Now, you're meant to use a vacuum pump to get rid of all the bubbles from your silicone before pouring. I Didn't have one. If you happen to have a degasser, use it. Otherwise do what I did.

Pour the silicone slowly from about waist height, with the container with your object on the floor. (Please cover the floor with newspaper first) This will stretch the silicone as it falls, and get rid of any bubbles. Try to pour in one place at the lowest point of your container.

When you're done, leave the silicone to set. Wait at least 20 minutes before touching it. Then put it somewhere safe, and wait 24 hours for it to set properly.

Step 4: Getting Ready to Cast.

When the molds are set, remove them from your container and carefully remove your object. Single sided molds are easy. Just pull the object out. More complex objects require you to cut the silicone in half to free your object.

If you want to know more about casting complex objects in silicone, there's a great youtube channel called punished props, I recommend checking it out if you want to learn more. They can be found here: https://www.youtube.com/playlist?list=PL6q0fd3ileW...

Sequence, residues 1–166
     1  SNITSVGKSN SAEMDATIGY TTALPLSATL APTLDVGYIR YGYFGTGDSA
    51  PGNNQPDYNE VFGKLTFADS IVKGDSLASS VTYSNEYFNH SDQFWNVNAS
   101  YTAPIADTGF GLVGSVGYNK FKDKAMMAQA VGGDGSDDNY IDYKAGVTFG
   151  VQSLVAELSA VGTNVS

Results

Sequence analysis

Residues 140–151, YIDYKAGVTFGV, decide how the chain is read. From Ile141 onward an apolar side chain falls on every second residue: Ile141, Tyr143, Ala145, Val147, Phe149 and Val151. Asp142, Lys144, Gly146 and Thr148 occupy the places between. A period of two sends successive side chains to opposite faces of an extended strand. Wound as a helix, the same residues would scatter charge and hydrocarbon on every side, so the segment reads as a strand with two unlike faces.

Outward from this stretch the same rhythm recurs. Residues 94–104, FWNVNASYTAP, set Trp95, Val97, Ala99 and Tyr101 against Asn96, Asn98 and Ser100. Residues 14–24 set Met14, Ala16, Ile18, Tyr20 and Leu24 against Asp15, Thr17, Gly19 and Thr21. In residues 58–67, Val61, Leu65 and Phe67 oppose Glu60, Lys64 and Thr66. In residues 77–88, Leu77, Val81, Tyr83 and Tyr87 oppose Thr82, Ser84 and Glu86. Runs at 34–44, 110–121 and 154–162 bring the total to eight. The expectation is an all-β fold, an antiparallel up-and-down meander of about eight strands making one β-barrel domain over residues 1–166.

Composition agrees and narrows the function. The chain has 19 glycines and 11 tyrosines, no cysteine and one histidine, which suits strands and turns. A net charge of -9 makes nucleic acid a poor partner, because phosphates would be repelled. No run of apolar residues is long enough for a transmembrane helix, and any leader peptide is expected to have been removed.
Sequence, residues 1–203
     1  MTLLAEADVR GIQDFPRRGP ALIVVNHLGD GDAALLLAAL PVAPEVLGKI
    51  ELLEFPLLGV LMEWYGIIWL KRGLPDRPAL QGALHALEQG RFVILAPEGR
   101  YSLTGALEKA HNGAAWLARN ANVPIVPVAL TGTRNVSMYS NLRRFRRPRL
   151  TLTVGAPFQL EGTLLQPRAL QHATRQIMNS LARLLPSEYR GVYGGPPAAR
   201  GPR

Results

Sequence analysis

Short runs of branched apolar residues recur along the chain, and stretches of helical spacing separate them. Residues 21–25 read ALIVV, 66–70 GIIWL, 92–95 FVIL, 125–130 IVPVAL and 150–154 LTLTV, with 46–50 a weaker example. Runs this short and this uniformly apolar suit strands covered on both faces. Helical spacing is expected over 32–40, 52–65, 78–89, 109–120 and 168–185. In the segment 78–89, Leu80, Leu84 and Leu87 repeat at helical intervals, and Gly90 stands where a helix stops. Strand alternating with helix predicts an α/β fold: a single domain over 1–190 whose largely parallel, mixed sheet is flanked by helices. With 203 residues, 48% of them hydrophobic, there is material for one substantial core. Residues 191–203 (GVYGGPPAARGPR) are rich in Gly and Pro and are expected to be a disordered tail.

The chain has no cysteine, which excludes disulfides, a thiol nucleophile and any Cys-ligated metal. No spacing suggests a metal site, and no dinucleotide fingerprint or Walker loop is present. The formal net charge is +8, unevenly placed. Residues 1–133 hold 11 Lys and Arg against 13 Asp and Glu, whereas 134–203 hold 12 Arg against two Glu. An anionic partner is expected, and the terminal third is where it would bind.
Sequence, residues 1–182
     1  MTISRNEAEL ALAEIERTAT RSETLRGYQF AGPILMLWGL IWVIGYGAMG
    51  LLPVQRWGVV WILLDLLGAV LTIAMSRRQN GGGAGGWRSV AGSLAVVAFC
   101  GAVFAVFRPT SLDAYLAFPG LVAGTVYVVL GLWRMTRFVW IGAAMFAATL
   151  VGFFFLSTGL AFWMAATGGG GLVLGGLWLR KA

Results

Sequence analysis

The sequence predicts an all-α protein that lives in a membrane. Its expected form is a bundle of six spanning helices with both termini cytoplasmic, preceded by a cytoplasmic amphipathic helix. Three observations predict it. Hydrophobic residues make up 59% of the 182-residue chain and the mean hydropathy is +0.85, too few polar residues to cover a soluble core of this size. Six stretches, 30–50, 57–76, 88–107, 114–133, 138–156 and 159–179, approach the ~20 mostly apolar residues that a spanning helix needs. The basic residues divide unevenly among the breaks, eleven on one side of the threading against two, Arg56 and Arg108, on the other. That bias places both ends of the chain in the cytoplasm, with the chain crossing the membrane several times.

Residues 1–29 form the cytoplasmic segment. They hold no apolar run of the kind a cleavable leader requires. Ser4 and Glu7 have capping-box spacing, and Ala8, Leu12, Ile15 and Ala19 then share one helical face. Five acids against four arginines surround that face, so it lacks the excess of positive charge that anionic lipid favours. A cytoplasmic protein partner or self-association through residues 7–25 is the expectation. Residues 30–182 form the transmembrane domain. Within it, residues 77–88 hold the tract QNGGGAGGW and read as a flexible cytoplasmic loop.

You can just pour the pewter directly into the mold. This works for some objects like the ring I used for this tutorial, but some objects with flat backs get a much better result if you cut a channel in the top of the mold, clamp a sheet of metal to both sides, and pour into the channel. See photos for details.

Step 5: Casting!

Now comes the fun part. Casting the metal.

Thick gloves and eye protection are a must. You'll be handling liquid metal and things will get hot. A respirator is recommended too. I'm using English pewter which is supposed to have no lead content, but a respirator should be worn when dealing with any metal fumes.

I've added a video of the casting process. It's pretty simple, but takes a bit of practice.

Get the furnace/ blowtorch, stove, whatever else you want to use, heated up, then add the pewter into a heat resistant container. Don't let it get too hot though, or you'll burn the pewter. You're aiming for no higher than 240C.